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Property Insurance

When Must an Insurer Pay a Claim?

Jay Levin | May 1, 2007

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After a loss, a commercial policyholder needs to get repairs completed and business back up and running at full speed as quickly as possible. Frequently, the proceeds of the property insurance policy are necessary to accomplish this very important goal. Not all policyholders have the ability to finance repairs themselves while they wait for the adjustment process to be completed and the insurance company to pay the loss.

Many insurers recognize this and will frequently advance a portion of the loss payment at an early date to speed repairs and help the insured recover from the casualty. This is particularly true in larger losses where there is less risk that an advance will exceed the ultimate amount of loss.

Some insurers, however, are much less willing to make advance payments, even where the insured needs the money to begin or complete repairs. In those situations, the insured business may end up suffering additional and unnecessary losses. These situations invariably lead to the question of when must an insurer pay a loss? The answer is not as clear-cut as one might think.

Proof of Loss

The date a loss becomes payable is generally determined by the policy or state statute or regulation. As with any insurance coverage question, the best place to start is the policy language. Typical commercial property policy language is as follows.

We will pay for a covered loss within thirty days after we receive the sworn proof of loss if:

  1. You have complied with all of the terms of this policy; and
  2. We have reached agreement with you on the amount of loss; or
  3. an appraisal award has been made.

Under this and similar provisions, three things must occur before an insurer is obligated to pay: (1) a proof of loss must be submitted to the insurer; (2) ascertainment of the loss or damage must be made by agreement between the insured and the insurance company or by appraisal or judgment; and (3) 30 days (60 or 90 days under some policy forms) must elapse from the date the proof of loss is submitted and the loss is ascertained. Usually all three are necessary.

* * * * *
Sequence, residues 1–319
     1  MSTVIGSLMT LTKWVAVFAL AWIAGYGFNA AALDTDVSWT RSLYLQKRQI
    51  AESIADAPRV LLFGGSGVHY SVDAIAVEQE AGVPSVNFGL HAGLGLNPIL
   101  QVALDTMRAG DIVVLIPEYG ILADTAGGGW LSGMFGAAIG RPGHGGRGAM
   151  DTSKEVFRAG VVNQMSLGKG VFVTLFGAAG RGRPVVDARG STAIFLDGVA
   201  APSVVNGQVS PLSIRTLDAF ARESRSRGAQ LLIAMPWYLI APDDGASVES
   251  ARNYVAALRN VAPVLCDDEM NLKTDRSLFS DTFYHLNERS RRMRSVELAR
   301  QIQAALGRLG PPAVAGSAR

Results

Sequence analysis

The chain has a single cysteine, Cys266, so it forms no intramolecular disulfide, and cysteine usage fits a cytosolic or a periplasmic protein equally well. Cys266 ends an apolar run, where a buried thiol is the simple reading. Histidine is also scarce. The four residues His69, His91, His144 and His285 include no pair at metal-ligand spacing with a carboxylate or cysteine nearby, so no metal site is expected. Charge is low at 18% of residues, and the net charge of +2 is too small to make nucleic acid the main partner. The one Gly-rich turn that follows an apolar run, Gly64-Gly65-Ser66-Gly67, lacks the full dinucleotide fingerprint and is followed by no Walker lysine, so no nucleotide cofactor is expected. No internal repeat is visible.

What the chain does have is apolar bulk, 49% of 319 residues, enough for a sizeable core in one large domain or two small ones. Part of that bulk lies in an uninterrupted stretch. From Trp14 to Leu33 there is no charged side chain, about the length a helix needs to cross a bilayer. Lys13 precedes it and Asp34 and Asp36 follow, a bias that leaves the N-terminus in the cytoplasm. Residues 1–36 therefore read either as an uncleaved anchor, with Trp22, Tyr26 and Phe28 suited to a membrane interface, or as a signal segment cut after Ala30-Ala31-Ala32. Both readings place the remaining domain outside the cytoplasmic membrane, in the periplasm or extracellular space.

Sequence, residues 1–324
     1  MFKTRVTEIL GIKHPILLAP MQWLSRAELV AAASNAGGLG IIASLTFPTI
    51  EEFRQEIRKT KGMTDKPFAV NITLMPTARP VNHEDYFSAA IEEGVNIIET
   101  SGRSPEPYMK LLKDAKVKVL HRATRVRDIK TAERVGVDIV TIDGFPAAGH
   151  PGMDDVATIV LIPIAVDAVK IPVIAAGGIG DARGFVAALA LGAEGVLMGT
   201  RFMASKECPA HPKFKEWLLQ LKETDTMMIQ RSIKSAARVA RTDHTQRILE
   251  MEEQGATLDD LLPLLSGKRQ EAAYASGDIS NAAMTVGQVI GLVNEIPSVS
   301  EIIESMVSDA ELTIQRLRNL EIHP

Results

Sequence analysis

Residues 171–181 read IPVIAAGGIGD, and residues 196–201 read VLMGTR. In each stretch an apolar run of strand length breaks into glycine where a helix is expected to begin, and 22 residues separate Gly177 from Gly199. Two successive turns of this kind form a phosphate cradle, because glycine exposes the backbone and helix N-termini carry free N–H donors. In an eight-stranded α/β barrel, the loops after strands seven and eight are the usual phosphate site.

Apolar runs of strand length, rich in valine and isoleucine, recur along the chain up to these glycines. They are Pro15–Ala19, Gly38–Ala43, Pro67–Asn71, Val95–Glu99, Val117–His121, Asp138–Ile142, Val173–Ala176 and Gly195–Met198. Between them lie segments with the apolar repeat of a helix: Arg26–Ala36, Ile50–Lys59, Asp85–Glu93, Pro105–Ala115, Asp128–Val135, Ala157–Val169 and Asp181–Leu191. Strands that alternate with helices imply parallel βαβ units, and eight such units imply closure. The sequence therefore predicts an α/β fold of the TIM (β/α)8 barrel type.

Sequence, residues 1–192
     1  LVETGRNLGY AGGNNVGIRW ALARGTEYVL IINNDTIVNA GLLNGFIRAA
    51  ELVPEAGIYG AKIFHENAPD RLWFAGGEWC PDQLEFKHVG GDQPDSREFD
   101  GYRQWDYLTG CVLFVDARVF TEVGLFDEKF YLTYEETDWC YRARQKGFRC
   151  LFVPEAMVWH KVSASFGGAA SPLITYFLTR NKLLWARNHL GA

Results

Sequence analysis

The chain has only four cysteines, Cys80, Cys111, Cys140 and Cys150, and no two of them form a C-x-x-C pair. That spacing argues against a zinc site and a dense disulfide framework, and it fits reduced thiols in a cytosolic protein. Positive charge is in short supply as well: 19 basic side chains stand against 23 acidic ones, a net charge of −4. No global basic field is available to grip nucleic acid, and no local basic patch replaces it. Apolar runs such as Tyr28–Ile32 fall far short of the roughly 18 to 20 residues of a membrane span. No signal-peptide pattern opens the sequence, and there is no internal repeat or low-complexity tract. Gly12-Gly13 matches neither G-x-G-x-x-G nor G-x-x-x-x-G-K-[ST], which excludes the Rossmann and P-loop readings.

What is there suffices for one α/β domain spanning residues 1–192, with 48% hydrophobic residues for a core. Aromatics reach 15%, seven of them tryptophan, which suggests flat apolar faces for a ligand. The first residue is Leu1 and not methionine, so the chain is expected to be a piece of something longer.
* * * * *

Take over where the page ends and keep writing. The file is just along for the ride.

While "proofs of loss" have been used in property insurance claims for over 100 years, different policies have different requirements for what must be contained in a proof of loss. Most require that the insured provide a sworn proof of loss stating the time and origin of loss, identifying anyone with an interest in the insurance proceeds, and the amount of loss. Insurers will frequently reject proofs of loss if they are for other than an agreed amount of loss or if some of the required information is missing. However, courts generally require only substantial, rather than strict, compliance with the provisions for proofs of loss.

The main impediment in obtaining money from the insurer is usually disagreement over the amount of loss. Most commercial property policies make no provision whatsoever for advance payments. Even those policies that do, almost invariably state that the insurer has complete discretion as to whether it will make an advance payment. However, most property insurers will timely investigate a loss and begin the adjustment process by compiling estimates of the cost to repair or replace the property. In that situation, the policyholder has a strong argument that, at least as to the amount of the loss calculated by the insurer, there is agreement between the policyholder and the insurer.